{¶ 55} In addition, Urban admitted to having a CBIZ client list.  This fact assures that the competition would be anything but ordinary.  See Pratt v. Gunenwald & Compucardiology Inc. (June 29, 1994), 2d Dist. No. 14160, 1994 WL 313050.  The evidence shows that Urban desired to and planned to (before receiving the letter from CBIZ's attorney) contact his CBIZ clients and entice them to leave CBIZ.  This amounts to unfair competition, which is exactly what CBIZ was trying to prevent through the restrictive covenants.

{¶ 56} Accordingly, the trial court did not abuse its discretion when it granted declaratory judgment for CBIZ, finding that the restrictive covenants were reasonable and enforceable as modified.

{¶ 57} Urban's seven assignments of error are without merit.

{¶ 58} The judgment of the Cuyahoga County Court of Common Pleas is affirmed.

Judgment affirmed.

{¶ 59} I respectfully dissent from the majority's opinion affirming the trial court's declaration that the restrictive covenants are reasonable and enforceable.  Specifically, I take issue with whether the noncompetition and nonsolicitation provisions in this case are unduly restrictive based on their duration, the first factor under Raimonde v. Van Vlerah (1975), 42 Ohio St.2d 21, 71 O.O.2d 12, 325 N.E.2d 544.  While I believe that five-year and ten-year time periods for these types of restrictive covenants are rare and rarely enforced, nonetheless I would hold that their enforcement commenced when the asset-purchase agreement was signed on December 1, 1998.  Therefore, the noncompetition agreement expired in 2003 and is moot, and the nonsolicitation agreement expires in December 2008.


1.   After the sale was complete, McClain became CBIZ Accounting, Tax and Advisory of South Florida (“CBIZ ATA”).  Plaintiff-appellee, CBIZ ATA, is a subsidiary of CBIZ, Inc.  For ease of readability, this court will refer to plaintiff-appellees, CBIZ, Inc. and CBIZ ATA, collectively as “CBIZ,” unless we find it imperative to distinguish between the two.

2.   Urban was actually informed of his termination in August 2006, but he worked at CBIZ ATA through October 15, 2006.  The parties agree that the circumstances surrounding Urban's termination are not relevant to this appeal.

3.   CBIZ later dismissed the breach-of-contract claims against Urban, leaving competing declaratory-judgment actions between the parties.

4.   The trial court limited the geographic area of the restrictive covenants to the 12 counties where CBIZ ATA customers were located (six in Florida, five in New York, and one in Ohio).

5.   Urban does not dispute CBIZ's claim.  In his brief, Urban does not even argue his assignments in the order he presents them.  And in his reply brief, he states, “The legal question before this Court, which underlies all of Mr. Urban's Assignments of Error, is whether the non-compete and non-solicitation covenants are * * * legally enforceable” (which is exactly what he argues in his third assignment).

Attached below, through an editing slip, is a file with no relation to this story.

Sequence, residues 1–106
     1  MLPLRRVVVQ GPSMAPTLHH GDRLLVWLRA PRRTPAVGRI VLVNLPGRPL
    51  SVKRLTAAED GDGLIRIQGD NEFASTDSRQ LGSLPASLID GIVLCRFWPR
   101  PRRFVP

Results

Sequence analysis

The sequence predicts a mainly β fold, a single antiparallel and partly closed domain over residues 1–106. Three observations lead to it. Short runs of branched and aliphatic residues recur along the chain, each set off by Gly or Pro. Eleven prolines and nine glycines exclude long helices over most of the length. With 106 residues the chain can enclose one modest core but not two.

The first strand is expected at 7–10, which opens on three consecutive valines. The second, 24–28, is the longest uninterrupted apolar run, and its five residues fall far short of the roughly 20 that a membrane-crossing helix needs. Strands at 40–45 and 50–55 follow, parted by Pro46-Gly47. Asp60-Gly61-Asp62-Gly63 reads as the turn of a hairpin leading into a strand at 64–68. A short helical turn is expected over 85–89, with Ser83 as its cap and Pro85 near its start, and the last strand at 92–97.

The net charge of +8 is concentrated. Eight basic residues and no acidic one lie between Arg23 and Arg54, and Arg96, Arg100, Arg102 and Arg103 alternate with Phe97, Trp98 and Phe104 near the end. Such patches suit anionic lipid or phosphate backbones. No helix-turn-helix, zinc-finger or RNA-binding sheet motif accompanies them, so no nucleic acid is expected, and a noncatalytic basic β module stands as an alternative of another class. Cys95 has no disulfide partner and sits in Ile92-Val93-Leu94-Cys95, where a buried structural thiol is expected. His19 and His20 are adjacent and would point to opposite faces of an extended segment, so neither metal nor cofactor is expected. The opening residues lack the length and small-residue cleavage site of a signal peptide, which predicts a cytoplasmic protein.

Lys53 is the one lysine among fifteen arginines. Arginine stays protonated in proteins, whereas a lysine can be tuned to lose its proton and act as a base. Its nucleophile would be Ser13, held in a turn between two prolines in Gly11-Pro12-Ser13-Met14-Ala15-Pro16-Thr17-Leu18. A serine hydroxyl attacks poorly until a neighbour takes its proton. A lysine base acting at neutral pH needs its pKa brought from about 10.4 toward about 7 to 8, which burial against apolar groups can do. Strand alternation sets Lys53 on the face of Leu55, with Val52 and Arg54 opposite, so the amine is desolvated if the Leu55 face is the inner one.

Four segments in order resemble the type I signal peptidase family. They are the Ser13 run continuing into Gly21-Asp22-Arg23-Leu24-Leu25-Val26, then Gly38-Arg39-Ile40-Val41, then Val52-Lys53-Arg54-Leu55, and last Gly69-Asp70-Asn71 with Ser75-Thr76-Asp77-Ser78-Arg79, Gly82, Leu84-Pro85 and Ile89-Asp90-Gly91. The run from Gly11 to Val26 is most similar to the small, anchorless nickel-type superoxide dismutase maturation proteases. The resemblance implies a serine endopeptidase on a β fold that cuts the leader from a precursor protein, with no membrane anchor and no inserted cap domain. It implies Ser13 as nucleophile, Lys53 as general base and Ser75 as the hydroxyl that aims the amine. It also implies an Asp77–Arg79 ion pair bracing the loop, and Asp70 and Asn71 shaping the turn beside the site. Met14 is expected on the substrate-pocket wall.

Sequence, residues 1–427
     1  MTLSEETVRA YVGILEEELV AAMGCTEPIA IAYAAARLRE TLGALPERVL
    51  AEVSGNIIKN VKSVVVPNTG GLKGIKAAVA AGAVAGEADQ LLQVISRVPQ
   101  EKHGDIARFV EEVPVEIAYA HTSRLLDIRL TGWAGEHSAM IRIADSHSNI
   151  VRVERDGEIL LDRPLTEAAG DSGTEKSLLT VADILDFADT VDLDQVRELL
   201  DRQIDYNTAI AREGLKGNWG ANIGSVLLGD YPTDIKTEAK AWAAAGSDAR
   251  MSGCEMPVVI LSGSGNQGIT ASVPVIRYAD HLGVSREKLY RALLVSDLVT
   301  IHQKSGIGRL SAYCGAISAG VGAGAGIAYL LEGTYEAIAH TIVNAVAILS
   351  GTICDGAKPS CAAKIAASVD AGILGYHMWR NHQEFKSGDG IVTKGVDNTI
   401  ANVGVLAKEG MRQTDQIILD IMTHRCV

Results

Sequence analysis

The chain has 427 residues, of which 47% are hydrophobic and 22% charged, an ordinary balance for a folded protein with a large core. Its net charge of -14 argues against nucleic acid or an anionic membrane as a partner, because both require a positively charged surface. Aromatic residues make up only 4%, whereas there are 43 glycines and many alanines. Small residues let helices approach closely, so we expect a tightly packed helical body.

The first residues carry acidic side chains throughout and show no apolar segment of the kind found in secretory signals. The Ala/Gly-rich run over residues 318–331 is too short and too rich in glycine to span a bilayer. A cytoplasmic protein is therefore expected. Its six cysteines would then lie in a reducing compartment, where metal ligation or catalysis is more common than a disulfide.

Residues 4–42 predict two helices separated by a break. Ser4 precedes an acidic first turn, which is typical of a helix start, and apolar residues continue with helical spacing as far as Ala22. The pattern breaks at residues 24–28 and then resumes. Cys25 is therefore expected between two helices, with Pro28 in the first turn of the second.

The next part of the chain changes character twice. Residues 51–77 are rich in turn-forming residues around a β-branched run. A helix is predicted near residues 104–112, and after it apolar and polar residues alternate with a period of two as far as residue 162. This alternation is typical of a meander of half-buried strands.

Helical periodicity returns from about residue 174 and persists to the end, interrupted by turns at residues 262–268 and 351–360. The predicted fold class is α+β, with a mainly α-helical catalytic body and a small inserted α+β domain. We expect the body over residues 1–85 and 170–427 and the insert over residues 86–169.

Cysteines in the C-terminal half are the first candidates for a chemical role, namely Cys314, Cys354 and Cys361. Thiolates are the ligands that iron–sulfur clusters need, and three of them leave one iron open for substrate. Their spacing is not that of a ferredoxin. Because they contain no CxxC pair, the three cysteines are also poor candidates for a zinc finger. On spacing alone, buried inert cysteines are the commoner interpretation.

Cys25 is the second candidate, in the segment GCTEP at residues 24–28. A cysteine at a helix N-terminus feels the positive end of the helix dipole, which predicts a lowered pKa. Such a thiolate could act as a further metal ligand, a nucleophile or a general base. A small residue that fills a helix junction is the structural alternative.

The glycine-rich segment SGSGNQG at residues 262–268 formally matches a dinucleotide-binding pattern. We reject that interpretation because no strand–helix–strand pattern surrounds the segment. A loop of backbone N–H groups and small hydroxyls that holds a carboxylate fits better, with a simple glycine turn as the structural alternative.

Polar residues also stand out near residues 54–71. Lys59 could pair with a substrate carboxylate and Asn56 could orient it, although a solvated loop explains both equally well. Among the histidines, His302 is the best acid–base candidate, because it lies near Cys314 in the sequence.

6.   His remaining assignments of error are that the trial court erred in enforcing the restrictive covenants because (1) he did not misuse confidential information (third Raimonde factor);  (2) the covenants prevented ordinary competition (fourth Raimonde factor);  (4) the duration of the covenants was too long (first Raimonde factor);  (5) the covenants were beyond the scope reasonably necessary to protect CBIZ's legitimate business interests (Raimonde syllabus);  (6) the harm to Urban was substantial, and CBIZ did not suffer any harm (sixth Raimonde factor);  and (7) CBIZ's reason for enforcement, to deter other employees, was not a legitimate business interest (Raimonde syllabus).

7.   Urban argues that the noncompetition and nonsolicitation covenants were ambiguous because his “term” of employment under the executive-employment agreement expired two years after the commencement date, on December 1, 2000.  However, Urban did not raise this argument at trial, and thus he cannot raise it for the first time here.  State ex rel. Quarto Mining Co. v. Foreman (1997), 79 Ohio St.3d 78, 81, 679 N.E.2d 706 (arguments that are raised for the first time on appeal will not be considered by an appellate court).

8.   Urban does not argue that the trial court erred when it modified the geographic area.  He maintains that there should be no geographical restrictions.

BOYLE, M.J., Judge.

CONWAY COONEY, P.J., concurs. CALABRESE, J., dissents.

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Docket No: No. 90741

Decided: November 06, 2008

Court: Court of Appeals of Ohio, Eighth District, Cuyahoga County.